Go wild.  Require appointing a startup or two or three to the coordinator role.  And if you really want to go truly off the reservation, require one of those startups to be from some place like Austin, Athens, Northern Virginia or Salt Lake.

I know, I know.  Scary things happen when you open the floodgates to new ideas.  But wouldn’t that be real modernization rather than further entrenching encumbents?

As a wise old Member of the Texas Congressional delegation once told me, they get to climb the ladder to the American Dream like everyone else.  What they don’t get to do is pull the ladder up behind them once they get to the top.

EU Songwriters Say Show Me the Plan on Music Modernization Act

The European Composer & Songwriter Alliance has raised an interesting question to Congressman Doug Collins in a recent letter regarding the Music Modernization Act:

A few other questions that are of concern to songwriters: Where is the business plan for the collective? A century of practice is to be changed without even a business plan that the governed have a chance to review?

This is, of course, an excellent point.  The controversial Music Modernization Act creates a new mechanical royalty collective in the U.S. that follows the curious approach of essentially codifying a chunk of what would normally be found in a combination of organizational formation documents, by-laws or a voting agreement.   The bill mandates a fixed number of governing boards and even designates the category of person who can fill board seats, both voting and nonvoting.  (And any change in those boards would literally require an Act of Congress.)

There is considerable detail in the bill about the new collective with two major exceptions:  No one is tasked with creating a business plan for the collective’s operation as the ECSA officers note in their letter to Rep. Collins.  Neither is there any hint at what the initial operating budget would be or what it would cover.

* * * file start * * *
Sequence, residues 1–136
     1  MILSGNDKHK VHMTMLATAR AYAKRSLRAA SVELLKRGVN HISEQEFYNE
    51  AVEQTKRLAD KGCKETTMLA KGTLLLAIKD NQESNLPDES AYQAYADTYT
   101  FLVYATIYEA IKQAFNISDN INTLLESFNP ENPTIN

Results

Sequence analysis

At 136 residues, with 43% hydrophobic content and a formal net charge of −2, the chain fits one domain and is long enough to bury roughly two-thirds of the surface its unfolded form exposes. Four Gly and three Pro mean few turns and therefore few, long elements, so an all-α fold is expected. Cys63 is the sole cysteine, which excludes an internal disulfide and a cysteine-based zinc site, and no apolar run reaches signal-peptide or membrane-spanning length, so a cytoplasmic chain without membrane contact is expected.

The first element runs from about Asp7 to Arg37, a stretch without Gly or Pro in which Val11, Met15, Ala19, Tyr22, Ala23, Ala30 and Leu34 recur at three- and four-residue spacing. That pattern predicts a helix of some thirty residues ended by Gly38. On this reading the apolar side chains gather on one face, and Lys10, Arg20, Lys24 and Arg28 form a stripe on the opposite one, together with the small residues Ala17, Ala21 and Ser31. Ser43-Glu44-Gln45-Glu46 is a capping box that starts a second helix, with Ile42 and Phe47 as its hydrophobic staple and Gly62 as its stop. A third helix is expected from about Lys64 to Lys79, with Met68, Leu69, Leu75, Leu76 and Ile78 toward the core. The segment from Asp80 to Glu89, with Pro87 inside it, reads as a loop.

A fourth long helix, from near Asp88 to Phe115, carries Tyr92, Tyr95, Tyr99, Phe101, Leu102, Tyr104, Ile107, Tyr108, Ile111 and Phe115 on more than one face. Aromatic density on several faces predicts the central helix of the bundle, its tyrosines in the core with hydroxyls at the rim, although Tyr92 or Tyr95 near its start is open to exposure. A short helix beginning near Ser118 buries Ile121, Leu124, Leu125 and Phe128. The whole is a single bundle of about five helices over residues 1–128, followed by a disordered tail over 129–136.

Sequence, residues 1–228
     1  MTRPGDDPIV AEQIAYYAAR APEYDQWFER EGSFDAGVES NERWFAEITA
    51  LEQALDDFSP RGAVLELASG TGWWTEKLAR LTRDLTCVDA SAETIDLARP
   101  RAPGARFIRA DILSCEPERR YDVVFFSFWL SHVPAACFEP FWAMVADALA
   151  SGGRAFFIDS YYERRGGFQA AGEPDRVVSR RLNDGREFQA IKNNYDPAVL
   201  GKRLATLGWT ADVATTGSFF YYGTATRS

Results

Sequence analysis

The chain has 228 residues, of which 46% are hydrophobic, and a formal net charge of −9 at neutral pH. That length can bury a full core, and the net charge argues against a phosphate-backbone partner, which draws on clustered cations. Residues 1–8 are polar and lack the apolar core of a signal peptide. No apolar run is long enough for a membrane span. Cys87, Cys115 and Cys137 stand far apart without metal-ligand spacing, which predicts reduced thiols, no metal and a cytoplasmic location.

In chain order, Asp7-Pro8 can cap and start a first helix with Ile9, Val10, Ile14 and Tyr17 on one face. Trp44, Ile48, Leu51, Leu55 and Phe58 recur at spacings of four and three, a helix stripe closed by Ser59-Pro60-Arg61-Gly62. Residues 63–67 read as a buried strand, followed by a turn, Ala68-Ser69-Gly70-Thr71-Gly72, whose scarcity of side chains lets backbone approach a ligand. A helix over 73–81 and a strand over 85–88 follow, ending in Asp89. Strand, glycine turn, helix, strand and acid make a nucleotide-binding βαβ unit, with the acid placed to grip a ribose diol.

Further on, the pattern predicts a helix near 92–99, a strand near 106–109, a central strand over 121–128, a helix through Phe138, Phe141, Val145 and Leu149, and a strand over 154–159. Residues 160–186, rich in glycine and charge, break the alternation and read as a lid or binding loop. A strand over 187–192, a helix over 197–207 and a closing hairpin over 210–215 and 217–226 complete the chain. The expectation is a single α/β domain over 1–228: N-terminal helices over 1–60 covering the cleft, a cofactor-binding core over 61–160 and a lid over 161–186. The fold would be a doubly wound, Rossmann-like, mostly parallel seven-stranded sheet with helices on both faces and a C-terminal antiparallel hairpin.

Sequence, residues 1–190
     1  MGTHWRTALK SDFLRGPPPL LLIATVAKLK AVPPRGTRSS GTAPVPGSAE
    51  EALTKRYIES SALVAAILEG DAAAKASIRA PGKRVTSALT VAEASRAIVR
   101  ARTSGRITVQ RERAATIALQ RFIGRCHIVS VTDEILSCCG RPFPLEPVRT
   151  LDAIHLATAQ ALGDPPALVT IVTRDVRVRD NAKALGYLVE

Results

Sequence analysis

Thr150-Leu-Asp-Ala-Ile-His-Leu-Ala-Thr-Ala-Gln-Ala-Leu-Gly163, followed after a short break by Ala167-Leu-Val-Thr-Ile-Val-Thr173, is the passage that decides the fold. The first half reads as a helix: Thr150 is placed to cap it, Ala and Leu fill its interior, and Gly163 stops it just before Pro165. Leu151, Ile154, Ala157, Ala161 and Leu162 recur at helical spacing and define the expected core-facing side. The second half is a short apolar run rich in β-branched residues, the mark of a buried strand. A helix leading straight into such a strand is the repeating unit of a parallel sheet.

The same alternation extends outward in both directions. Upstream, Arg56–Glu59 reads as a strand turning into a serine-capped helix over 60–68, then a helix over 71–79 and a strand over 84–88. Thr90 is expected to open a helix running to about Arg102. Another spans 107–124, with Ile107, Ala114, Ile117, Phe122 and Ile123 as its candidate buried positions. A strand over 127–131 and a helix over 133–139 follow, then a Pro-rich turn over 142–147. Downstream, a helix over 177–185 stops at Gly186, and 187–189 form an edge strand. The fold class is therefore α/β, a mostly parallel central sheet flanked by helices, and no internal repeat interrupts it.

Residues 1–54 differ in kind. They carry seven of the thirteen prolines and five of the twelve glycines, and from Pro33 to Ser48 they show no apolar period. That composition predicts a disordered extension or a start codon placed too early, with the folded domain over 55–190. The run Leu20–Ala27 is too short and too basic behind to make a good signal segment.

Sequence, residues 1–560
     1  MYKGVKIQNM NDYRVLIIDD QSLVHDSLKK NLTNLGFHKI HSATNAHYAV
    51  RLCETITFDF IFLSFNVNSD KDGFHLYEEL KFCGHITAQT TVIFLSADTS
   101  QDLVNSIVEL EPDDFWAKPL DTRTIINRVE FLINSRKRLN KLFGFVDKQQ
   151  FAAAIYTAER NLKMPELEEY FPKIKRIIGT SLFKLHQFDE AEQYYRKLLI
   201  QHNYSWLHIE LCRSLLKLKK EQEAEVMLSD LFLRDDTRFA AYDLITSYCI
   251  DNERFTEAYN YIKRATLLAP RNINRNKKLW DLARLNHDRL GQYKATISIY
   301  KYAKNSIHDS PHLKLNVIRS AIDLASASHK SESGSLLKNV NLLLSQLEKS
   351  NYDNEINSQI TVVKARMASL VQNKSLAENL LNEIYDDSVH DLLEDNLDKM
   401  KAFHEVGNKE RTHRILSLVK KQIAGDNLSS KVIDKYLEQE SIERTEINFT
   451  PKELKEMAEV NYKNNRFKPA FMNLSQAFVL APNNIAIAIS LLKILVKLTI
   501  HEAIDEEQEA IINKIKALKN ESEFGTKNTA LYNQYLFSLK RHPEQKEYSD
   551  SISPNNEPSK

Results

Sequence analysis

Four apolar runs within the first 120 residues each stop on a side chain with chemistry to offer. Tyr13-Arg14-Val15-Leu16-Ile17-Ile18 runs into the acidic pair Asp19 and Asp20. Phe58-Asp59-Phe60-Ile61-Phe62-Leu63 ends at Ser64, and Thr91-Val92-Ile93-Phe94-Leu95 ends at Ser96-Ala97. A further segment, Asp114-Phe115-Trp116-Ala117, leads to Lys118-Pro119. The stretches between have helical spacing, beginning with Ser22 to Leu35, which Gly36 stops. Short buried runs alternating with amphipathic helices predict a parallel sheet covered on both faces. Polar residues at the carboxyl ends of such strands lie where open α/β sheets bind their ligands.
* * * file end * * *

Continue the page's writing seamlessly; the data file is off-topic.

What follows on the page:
Good news–this is an easy fix.  I would worry that given that it’s government work, a business plan for the collective will come from one of the big consulting firms at a high cost–guaranteeing that no one who is both unconflicted and who has actually done work in the area will come within a county mile of the project.  I am not the right person to ask about the big consulting firms as I’ve found their work product to be consistently worthless over the years.  That brings the joy of consistency, but the disappointment of overpaying for useless work.

The budget should also be established for the first few years, if for no other reason than the digital services are supposed to pay for the collective under the MMA.  If the cost is $100,000,000, you don’t want to find out that the services will only pay $500,000 once the bill is passed and it’s too late.  If there is a meeting of the minds on the operating costs, it’s being kept pretty quiet inside the smoke filled rooms.  If there isn’t a meeting of the minds, DiMA could shut down the collective as fast as a stop payment.

But still, it’s better to have a plan than to have no plan at all which seems to be the current state of affairs–abandoning a “century of practice” as our European friends remind us.